Is it an ideal solution? No. We've argued the point structure here in this thread. But something had to be done, or the existing teams would have been in the position of crossing the moat, pulling up the drawbridge behind them, and keeping the castle to themselves.

Paul Copioli
11-25-2008, 09:00 PM
For those of you not in favor of FiM, I just ask that you be careful with what you say. Unknowingly, some of you have called me, and many like me, not GP. I ask that you take a moment and think before you write.

Maybe FiM won't work. Maybe it will. I can guarantee you that the numbers for point values probably should be tweaked. There is nothing stopping that.

I can tell you this: my team has saved money due to this model. Many others are competing in two events for the first time in their history. To say the FiM competition structure doesn't teach GP, I just don't get it.

Cory brought up an interesting point about one team dominating a weak district. How many Silicon Valley Regionals has 254 won in the last 11 years? Seems to me that the possibility of weak regionals already exists. Sorry, but I am calling it like I see it.

It is funny to me that many of you complaining are not even from Michigan. Why can't you let it play out and we can debate then. While there may be many that will force the issue after the season, there are many more of us that will take a factual look at how it actually worked. Believe it or not, the evil FiM folks do care about GP (there are over 5 WFFA winners that are part of FiM) and about teams. Retention is at the top of the priority list.

Beth,

When you see Jim Zondag at the Novi Kickoff (if you are going there), please tell him to his face that he is not promoting Gracious Professionalism and make sure I am there to see it.

Paul

Beth Sweet
11-25-2008, 09:26 PM
Beth,

When you see Jim Zondag at the Novi Kickoff (if you are going there), please tell him to his face that he is not promoting Gracious Professionalism and make sure I am there to see it.

Paul

Paul,

If Jim Zondag would care to discuss this issue with me, I would be happy to do so.

[Edit: For the record, I spoke with 4 FiM members before making this post, 1 of whom never responded to my email, another of whom said that my opinions would be shared, but likely ignored. This has been my last resort]

Justin Montois
11-25-2008, 09:36 PM
It is funny to me that many of you complaining are not even from Michigan. Why can't you let it play out and we can debate then. While there may be many that will force the issue after the season, there are many more of us that will take a factual look at how it actually worked. Believe it or not, the evil FiM folks do care about GP (there are over 5 WFFA winners that are part of FiM) and about teams. Retention is at the top of the priority list.


Paul

Paul,

Those of us not from Michigan that are discussing this have read Dave Lavery's post about midway down in this thread: http://www.chiefdelphi.com/forums/showthread.php?t=68653&page=15

We realize what you guys are working on is probably going to spread. So we are trying to discuss it as much as possible. I think if FIRST plans to use the FiM platform as the way to grow FIRST then everyone should have a say no matter where they are from.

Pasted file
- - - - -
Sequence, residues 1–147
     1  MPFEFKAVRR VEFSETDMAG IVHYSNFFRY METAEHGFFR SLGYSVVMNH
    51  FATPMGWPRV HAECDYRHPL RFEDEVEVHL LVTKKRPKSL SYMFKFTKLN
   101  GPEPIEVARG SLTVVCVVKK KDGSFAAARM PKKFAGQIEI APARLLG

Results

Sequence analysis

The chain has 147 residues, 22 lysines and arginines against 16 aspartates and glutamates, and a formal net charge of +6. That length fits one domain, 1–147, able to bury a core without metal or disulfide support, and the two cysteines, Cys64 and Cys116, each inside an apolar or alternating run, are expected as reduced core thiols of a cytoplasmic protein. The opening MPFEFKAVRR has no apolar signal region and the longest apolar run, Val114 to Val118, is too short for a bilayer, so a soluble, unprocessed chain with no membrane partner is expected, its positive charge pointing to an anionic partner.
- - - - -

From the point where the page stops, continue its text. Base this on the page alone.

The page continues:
JVN
11-25-2008, 09:51 PM
It is funny to me that many of you complaining are not even from Michigan.

Maybe people are getting passionate about this because they feel the things happening inside Michigan are going to affect the future of this program outside of Michigan.


Why can't you let it play out and we can debate then. While there may be many that will force the issue after the season, there are many more of us that will take a factual look at how it actually worked.

Maybe because this program was proposed, structured, & instituted without any input from the international community people are concerned that it will be similarly deemed a "success" without any input or discussion within the international community. This is especially scary if the "success" of this program will end up affecting the rest of us.
Based on prior history... should the dissenters just hold their tongues and hope an appropriate time for airing grievances and open discussion is made available?

Though, I guess ultimately the opinions of the international FIRST community don't really matter when it comes to long term planning for the FIRST program. Right? Someone will come along and tell us all what is best for us, again.

Why are you so eager to stop the discussion?

-John

Paul Copioli
11-26-2008, 05:28 AM
John,

I am not eager to stop the discussion, but will not tolerate accuasations that FiM is trying to make FIRST like OCCRA and that FiM is making FIRST forget about the base fundamental values that we all hold so dear.

Look at the first post in this thread and if you think the accusations in it are valid, then we really have nothing more to discuss as I believe they are proposterous.

What actual solutions were proposed in the first post? What counter proposals were mentioned? It seemed to be a libelous rant that has no place in this forum.

I am not part of FiM as I disagree with some of the assumptions made, but I am willing to let it play out this season and take copious notes on what is good and what is bad and use factual (not emotional) arguments for it, against it, or propose changes. I am just asking the rest of you to do the same. I am sure Beth will do the same, but I disagree with the tactics she is using right now.

Are you saying that this discussion in this thread is actually helping anyone at all? I agree that this has been a cordial discussion, but it has not been a productive discussion.

Arguments like, "the competition will stink" or, "the quality of the event will go down" will only have the right to say "I told you so" at the end of the season; but what will they have actually done to try to help some of the barriers of entry (or to sustain) for a FIRST team?